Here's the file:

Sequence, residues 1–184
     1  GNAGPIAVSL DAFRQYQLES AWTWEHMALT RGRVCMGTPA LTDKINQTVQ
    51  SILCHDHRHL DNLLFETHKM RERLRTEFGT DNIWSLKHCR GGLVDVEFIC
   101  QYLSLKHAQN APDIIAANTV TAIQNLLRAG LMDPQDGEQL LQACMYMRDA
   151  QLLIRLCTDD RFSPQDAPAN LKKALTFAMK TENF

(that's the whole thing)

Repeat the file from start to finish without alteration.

Sequence, residues 1–184
     1  GNAGPIAVSL DAFRQYQLES AWTWEHMALT RGRVCMGTPA LTDKINQTVQ
    51  SILCHDHRHL DNLLFETHKM RERLRTEFGT DNIWSLKHCR GGLVDVEFIC
   101  QYLSLKHAQN APDIIAANTV TAIQNLLRAG LMDPQDGEQL LQACMYMRDA
   151  QLLIRLCTDD RFSPQDAPAN LKKALTFAMK TENF